ShareAction urges WPP to commit to living wage as shareholders approve Sorrell's pay packet

ShareAction, a charity that promotes responsible investments, has suggested WPP chief executive Sir Martin Sorrell's pay package be put towards ensuring the living wage for all its staff.

Sir Martin Sorrell: Controversy over pay packet
Sir Martin Sorrell: Controversy over pay packet

The call was made at WPP's annual general meeting on Tuesday, at which the firm reported a 1.8 per cent rise in like-for-like net sales in its PR and public affairs division, with growth reported in all regions except the UK and Continental Europe.

The resolution containing Sorrell's pay packet was approved at the AGM, although a significant number of shareholders registered their disapproval. Twenty per cent of those who voted opposed it, and voter turnout on that resolution, also 20 per cent, was markedly higher than for any other.

Sorrell earned more than £36m ($53m) in 2014 under the group's long-term incentive plan, with a total remuneration of £43m ($66.1m).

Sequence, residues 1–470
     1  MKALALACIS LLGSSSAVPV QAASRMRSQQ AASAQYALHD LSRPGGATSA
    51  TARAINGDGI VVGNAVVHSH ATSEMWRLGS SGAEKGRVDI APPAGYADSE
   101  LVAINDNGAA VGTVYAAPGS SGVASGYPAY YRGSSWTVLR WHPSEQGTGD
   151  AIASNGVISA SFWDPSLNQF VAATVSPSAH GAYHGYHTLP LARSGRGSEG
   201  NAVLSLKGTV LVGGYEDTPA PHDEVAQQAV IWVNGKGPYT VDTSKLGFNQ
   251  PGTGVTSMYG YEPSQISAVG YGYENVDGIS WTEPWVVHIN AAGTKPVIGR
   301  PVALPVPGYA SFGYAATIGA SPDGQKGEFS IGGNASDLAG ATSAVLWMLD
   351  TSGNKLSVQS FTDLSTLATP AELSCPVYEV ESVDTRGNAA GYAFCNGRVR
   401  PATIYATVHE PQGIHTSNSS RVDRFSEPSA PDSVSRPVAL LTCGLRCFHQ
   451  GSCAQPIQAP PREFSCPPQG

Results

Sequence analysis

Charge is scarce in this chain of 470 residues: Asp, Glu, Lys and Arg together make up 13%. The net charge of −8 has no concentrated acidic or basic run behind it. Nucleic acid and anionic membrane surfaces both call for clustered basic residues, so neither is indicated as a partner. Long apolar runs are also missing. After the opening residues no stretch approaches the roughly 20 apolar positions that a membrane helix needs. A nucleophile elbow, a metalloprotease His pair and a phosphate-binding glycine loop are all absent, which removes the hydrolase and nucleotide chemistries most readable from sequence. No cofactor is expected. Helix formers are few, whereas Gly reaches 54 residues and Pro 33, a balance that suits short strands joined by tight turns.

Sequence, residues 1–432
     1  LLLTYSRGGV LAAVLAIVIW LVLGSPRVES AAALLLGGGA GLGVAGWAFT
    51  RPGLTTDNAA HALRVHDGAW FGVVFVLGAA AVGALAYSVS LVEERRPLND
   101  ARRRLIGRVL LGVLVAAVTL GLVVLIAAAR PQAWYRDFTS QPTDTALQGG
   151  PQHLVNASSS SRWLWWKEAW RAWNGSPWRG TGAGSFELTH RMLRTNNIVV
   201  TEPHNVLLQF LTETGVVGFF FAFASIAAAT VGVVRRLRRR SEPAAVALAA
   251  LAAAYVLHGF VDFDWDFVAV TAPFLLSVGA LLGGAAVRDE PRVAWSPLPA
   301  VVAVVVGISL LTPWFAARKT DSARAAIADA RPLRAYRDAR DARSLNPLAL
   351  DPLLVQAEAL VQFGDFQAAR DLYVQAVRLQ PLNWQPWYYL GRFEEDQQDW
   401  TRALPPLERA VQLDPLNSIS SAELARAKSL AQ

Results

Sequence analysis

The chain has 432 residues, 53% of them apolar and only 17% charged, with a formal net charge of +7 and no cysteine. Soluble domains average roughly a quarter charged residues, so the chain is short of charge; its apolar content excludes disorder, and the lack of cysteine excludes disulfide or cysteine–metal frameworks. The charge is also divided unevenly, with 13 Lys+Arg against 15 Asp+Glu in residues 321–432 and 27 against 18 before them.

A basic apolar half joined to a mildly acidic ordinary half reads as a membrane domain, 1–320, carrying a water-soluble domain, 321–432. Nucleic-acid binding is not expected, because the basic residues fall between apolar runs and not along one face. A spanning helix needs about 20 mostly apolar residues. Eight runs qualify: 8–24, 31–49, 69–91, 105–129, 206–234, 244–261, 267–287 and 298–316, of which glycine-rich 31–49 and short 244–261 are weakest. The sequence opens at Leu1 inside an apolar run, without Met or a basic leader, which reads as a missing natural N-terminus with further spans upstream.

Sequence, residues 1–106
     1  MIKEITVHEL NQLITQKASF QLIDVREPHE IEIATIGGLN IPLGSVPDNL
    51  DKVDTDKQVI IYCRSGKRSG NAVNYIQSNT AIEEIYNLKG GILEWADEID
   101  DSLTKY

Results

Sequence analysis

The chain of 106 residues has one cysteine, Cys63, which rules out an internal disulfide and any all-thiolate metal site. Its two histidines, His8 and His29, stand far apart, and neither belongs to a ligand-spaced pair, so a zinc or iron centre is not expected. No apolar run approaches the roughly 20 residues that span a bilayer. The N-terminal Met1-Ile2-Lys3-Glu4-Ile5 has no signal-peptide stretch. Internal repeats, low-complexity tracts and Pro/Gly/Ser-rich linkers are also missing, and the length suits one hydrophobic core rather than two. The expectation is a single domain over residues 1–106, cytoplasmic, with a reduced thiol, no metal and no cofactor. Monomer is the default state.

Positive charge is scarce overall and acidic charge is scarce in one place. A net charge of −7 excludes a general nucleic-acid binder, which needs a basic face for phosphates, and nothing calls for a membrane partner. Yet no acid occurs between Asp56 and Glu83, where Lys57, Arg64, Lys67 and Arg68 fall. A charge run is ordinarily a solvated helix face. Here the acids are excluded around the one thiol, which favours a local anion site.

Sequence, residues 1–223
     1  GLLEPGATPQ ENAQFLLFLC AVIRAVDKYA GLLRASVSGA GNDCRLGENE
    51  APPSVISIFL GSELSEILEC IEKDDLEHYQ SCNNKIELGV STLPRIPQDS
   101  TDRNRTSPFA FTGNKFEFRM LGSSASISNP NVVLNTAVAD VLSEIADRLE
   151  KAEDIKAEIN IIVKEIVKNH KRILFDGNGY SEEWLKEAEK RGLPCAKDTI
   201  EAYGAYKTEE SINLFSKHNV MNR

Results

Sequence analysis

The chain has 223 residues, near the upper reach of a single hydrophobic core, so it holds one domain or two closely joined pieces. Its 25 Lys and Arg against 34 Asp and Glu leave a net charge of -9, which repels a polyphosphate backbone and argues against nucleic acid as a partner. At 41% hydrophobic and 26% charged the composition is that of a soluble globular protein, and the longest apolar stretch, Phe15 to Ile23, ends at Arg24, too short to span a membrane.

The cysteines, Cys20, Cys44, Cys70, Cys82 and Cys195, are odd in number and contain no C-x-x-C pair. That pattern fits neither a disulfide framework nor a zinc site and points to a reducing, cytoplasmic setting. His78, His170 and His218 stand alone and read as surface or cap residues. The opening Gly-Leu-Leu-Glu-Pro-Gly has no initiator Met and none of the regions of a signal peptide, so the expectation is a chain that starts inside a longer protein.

Speaking at the AGM, ShareAction trustee Roger Jeary said it "seems illogical WPP should not pay living wage rates". He said Sorrell's exceptionally high pay was a "risk" to the company's reputation.

Paul Richardson, WPP finance director, told the AGM the company was committed to meet the living wage standard. He added that of WPP's 23 operating companies, currently 22 per cent are compliant. He concluded: "I can reassure it is happening naturally across the group."

WPP defended Sorrell's compensation as a "contractual obligation", part of a five-year investment plan that was approved by 83 per cent of the group's shareholders.

Other issues raised at the AGM were lack of transparency over management succession and "Sorrell-centricity".

The board said it would be "disrespectful" to publicly name the leading candidates to take over from Sorrell.

Jeffrey Rosen, WPP director, added that such a move would "not help the co-operative spirit" between its subsidiaries, but that succession was at the "foremost of our minds".

Interviewed at an Institute of Practitioners in Advertising event in London in March, Sorrell said there was a succession plan in place at WPP should he leave the business – whether he was "hit by a truck tomorrow", or departed in three or five years' time.

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